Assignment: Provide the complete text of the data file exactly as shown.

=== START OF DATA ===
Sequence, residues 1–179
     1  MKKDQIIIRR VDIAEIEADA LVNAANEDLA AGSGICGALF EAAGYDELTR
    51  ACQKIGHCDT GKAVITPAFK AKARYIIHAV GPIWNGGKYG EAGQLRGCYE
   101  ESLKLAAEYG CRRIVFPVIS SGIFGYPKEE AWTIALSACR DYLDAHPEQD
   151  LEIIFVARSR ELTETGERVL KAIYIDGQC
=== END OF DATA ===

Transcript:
Sequence, residues 1–179
     1  MKKDQIIIRR VDIAEIEADA LVNAANEDLA AGSGICGALF EAAGYDELTR
    51  ACQKIGHCDT GKAVITPAFK AKARYIIHAV GPIWNGGKYG EAGQLRGCYE
   101  ESLKLAAEYG CRRIVFPVIS SGIFGYPKEE AWTIALSACR DYLDAHPEQD
   151  LEIIFVARSR ELTETGERVL KAIYIDGQC